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This work is respectfully dedicated to the members of the Gage County Bar, in recognition of their ability and friendship, and to the users of statutes generally, in acknowledgment of the many valuable suggestions and assistance received in its preparation by
In efforts towards the reduction of statute law to a symmetrical and convenient form, three stages may be noted, viz., compilation, consolidation, and revision. To the second, only, of these does the present work aspire. Its editor is not clothed with the powers of a reviser, and he has not attempted to prepare a revision of the statutes, however desirable such an achievement may be.
Nevertheless, it has been sought to make this more than a mere compilation in which laws should be arranged according to a chronological or other mechanical plan, or no plan at all, or in which the system of arrangement employed by some pioneer codifier should be followed with slavish exactness. The design of this work is that of a consolidation of existing laws, and accordingly great pains have been taken to group all analogous acts under titles at once the most comprehensive and appropriate, so that the investigator, in any subject upon which the legislature has spoken, may be able to consult in one place all its kindred enactments which are now in force. This is one of the distinctive aims of the work; how far it has been accomplished is for its patrons to determine.
As to the ground plan of a work of this nature, such as the naming and insertion of chapters, two systems are now in vogue. The more modern of these, which may be termed the analytical, is that formulated by Dr. Thomas Erskine Holland in his treatise on Jurisprudence; adopted by Mr. F. J. Stimson in his exhaustive work on American Statute Law; and first, to my knowledge, employed in an edition of statutes by Emlin McLain, whose Annotated Code of Iowa has thus become a model of systematic arrangement and precise legal nomenclature. By this system the entire body of the law is classified upon a scientific basis, and each act and chapter is distributed according to its subject-matter.
The other system, the alphabetical, is the one most commonly employed by codifiers. Under it, the chapters are arranged and inserted in the order of the first letters of their titles. While the first named system is unquestionably the more logical, it has not been deemed wise to make too radical a change from the plan so long in use in this state. The external features of the alphabetical system are therefore retained, but, as stated above, care has been taken to make the titles of the chapters sufficiently comprehensive to include the whole law of the subject, and thus to avoid that severing and scattering of kindred subjects, which is one of the most serious defects of the old plan. The analytical system has been thus dwelt upon, in order to call attention to a plan of arrangement whose merits will hardly fail of appreciation the more they are studied.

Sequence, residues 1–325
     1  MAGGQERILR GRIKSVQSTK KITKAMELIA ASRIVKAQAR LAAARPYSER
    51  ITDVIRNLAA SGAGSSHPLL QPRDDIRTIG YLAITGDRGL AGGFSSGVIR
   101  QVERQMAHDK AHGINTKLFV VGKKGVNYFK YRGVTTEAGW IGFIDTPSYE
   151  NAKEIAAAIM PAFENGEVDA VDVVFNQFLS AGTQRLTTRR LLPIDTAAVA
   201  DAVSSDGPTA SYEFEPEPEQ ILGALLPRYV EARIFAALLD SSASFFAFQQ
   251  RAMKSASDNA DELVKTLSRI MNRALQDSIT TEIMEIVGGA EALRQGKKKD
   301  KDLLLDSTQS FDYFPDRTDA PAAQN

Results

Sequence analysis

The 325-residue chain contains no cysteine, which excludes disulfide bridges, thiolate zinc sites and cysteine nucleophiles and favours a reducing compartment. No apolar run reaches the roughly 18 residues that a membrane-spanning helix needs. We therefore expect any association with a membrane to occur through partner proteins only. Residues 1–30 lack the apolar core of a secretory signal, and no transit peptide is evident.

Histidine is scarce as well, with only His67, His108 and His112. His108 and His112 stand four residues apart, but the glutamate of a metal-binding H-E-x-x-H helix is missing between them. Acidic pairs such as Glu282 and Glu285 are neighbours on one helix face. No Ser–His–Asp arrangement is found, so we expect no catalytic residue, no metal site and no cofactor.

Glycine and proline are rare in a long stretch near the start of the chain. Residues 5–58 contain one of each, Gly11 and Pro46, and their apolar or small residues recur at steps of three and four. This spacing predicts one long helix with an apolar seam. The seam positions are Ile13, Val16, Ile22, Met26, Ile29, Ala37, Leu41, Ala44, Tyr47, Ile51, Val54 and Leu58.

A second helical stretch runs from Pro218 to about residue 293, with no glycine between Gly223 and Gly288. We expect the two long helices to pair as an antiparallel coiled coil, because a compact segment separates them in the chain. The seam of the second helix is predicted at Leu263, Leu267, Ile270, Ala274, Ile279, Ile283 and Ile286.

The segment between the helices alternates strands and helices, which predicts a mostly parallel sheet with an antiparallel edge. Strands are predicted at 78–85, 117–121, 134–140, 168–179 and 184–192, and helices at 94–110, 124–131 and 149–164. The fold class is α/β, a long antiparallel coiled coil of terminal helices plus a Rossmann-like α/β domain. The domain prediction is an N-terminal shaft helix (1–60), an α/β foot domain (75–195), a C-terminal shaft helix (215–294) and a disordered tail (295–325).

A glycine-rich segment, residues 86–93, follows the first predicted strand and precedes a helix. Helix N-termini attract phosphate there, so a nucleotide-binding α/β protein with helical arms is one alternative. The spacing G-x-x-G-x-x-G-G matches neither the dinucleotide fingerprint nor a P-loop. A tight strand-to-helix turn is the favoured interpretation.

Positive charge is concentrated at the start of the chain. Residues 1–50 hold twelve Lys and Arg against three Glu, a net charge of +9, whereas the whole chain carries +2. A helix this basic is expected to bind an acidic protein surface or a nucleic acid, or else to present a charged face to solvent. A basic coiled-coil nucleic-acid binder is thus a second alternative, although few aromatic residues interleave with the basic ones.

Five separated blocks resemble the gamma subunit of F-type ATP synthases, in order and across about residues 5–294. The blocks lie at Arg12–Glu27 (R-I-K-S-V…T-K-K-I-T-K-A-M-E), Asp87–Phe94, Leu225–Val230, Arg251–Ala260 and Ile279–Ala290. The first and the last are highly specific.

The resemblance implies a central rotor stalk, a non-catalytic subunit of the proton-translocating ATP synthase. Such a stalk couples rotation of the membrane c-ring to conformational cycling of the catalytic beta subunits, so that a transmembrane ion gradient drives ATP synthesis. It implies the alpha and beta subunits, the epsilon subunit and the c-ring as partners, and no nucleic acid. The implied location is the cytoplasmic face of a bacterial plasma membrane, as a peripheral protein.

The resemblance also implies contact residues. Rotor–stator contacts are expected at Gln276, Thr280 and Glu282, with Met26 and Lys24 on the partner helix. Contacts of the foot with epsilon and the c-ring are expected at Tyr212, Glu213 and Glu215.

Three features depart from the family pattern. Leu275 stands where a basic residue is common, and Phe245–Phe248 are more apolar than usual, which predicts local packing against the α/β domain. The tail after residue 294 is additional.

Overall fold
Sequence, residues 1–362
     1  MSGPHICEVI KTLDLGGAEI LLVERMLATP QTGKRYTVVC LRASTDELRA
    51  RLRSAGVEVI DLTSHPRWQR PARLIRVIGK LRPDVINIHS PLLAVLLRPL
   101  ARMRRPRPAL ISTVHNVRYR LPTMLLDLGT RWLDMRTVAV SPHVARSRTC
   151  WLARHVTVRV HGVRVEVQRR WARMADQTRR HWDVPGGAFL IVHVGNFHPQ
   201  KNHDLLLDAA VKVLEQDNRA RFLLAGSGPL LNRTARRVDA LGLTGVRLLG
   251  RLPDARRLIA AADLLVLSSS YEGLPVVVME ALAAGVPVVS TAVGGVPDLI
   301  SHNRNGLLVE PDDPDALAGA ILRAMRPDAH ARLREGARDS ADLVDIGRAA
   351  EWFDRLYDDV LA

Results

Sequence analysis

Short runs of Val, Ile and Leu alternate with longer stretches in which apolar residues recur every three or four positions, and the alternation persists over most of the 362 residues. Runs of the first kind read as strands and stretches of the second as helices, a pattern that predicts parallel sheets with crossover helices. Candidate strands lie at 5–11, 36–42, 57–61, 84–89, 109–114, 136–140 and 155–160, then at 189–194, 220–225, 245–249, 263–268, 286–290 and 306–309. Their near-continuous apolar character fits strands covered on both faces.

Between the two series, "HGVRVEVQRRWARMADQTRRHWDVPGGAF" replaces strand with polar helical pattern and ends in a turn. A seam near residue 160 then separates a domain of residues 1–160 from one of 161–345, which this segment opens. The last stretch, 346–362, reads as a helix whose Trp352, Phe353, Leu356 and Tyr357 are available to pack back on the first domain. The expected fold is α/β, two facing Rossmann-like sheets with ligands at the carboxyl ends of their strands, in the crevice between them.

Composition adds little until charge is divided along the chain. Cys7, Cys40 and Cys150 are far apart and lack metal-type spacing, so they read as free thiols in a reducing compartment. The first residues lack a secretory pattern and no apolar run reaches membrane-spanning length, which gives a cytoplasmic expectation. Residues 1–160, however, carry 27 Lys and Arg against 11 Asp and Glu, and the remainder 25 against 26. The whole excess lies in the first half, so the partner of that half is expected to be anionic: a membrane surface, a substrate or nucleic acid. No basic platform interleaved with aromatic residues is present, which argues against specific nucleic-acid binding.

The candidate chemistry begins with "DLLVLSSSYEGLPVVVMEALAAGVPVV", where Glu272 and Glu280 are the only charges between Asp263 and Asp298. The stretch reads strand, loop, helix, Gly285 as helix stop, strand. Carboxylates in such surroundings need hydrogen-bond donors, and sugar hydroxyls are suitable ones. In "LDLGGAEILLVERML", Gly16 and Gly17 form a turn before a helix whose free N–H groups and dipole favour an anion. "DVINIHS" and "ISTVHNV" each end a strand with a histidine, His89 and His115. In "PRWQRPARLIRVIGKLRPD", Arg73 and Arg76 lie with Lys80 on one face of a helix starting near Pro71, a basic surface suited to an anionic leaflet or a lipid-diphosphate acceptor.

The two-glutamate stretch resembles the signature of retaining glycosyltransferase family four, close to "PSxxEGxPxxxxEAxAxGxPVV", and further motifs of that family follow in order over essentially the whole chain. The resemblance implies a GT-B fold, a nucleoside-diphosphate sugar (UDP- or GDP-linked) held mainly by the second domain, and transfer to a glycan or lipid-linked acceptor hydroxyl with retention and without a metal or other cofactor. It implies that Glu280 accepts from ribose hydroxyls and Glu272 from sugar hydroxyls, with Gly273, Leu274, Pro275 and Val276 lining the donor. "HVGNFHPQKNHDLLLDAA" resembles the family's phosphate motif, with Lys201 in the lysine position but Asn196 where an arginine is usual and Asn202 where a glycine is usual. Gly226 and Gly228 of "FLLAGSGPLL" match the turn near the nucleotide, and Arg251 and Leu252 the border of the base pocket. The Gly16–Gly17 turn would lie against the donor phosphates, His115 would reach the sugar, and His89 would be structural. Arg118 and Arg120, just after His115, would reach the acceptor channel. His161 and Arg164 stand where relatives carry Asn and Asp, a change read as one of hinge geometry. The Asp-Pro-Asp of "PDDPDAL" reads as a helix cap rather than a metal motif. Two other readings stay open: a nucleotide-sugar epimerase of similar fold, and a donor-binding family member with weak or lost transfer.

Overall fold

The theory of the chapter, according to this work, is that of a group of acts; and it has been the aim to reproduce each act as nearly as possible as in the original.
The title is inserted in the text, and only those portions are omitted which are local or obsolete. The plan in distributing the different acts throughout a chapter is to group, first, those whose provisons are general; second, the more specific; and lastly, those of a miscellaneous character. For economy of space, as well as for convenience, the original session laws are referred to by the year and page only. For enactments prior to 1866, the revision of that year is cited, as the legislature has made it the best evidence of what the law of that period is; and has declared it to be the standard in case of discrepancies between it and the sessional volume. (R. S. 1866, p. 683, sec. 2; Laws 1867 (Ter.), p. 7.) The titles and sub-headings of the Codes are printed as in the original.
I have employed the "interior catch word system" in every instance where it was at all available, because (1) it adds nothing to the section which is not a part of the law; (2) it is a saving of space; and (3) it is believed by giving prominence to appropriate words distributed through the section a much better idea of its contents can be conveyed, than by the old bracketed initial word system, and especially would this advantage be seen in the long sections. As this system was new to my assistants, as well as to myself, we may not always have been judicious in our selection of words to be made prominent by the black letters, but this does not militate against the general merits of what I believe will be the system of the future.
The consecutive numbering of sections has been adopted as that used in the best statute compilations of to-day. The original code numbers have also been retained where those sections have not been repealed.
In the annotations the aim has been to give in a few words the gist of the decision as it affects the particular statute under consideration, remembering that an annotated statute is not intended to take the place of a digest, and in grouping the several annotations under one section, to place the more specific first, and those which merely refer to the section in a general way last. To meet the general demand of the profession outside of the large towns, I have referred to the Northwestern Reporter as well as to the state reports: with this double citation the title of the case is not necessary, it has therefore been omitted. The volume of the state report is printed in black letter or antique type to distinguish it from the page of the report which immediately follows it.